"Today's plea is an important step in seeking justice on behalf of Agent Terry," Laura Duffy, the top federal prosecutor in San Diego whose office is prosecuting the case, said in a statement.
"Operation Fast and Furious" was launched in 2009 to catch trafficking kingpins, but federal agents lost track of about 1,400 of the more than 2,000 weapons -- including AK-47s and other high-powered assault rifles.
Some of the guns purchased illegally with the government's knowledge were later found at crime scenes in Mexico and the U.S.
Critics have hammered federal authorities for allowing informants to walk away from Phoenix-area gun shops with weapons.
The two guns found at the scene of the Terry shooting were bought by a straw buyer for a smuggling ring suspected of purchasing guns for the brutal Sinaloa cartel, according to investigators.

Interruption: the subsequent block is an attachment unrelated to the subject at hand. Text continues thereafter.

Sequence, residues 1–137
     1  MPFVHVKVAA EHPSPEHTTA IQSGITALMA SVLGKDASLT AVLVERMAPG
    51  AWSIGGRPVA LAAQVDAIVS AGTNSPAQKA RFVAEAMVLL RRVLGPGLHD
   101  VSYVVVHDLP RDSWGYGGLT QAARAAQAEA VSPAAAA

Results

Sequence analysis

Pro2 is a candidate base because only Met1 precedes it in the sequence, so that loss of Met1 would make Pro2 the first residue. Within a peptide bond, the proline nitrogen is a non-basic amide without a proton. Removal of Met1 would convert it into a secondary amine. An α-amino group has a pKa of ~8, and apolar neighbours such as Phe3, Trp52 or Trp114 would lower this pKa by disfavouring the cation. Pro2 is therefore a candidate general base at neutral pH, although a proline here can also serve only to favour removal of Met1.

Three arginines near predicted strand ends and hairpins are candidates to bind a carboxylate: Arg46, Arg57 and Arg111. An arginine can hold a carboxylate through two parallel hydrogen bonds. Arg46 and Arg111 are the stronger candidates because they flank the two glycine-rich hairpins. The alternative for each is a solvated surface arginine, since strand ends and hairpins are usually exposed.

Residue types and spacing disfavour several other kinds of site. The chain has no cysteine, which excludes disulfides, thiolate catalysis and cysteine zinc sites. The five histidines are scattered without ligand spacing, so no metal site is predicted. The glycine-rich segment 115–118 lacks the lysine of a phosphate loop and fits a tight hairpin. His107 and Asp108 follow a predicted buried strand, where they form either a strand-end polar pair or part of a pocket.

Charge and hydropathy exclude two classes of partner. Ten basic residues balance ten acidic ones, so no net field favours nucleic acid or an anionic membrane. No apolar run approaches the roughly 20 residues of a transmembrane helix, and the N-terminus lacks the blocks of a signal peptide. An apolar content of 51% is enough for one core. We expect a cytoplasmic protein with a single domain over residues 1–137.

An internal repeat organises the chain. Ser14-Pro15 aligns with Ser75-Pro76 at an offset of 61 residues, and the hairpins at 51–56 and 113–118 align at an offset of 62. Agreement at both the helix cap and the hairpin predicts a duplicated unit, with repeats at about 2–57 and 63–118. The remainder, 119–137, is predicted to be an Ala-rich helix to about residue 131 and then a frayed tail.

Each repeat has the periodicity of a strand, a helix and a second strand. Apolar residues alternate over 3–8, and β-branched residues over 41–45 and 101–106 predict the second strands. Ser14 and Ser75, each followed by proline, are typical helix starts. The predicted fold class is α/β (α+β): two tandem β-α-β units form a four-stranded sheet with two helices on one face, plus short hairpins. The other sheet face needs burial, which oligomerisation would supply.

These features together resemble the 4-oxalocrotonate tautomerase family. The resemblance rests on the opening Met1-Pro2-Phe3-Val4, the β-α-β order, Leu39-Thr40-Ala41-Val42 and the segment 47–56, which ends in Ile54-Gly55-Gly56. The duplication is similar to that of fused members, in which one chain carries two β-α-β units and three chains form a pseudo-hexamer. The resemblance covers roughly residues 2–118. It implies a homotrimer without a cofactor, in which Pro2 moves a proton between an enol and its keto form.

Jaime Avila, 25, has admitted in court to buying the two guns and has pleaded guilty to gun charges in a smuggling case that's separate from the prosecution into Terry's death.
Avila, who isn't charged in Terry's death, faces up to 10 years in prison when he's sentenced on December 12.
Of the four other men charged in Terry's death, one is in custody, while three others remain fugitives.
Authorities have offered a $1 million reward for information leading to their capture. The FBI said it continues to aggressively pursue the three fugitives.
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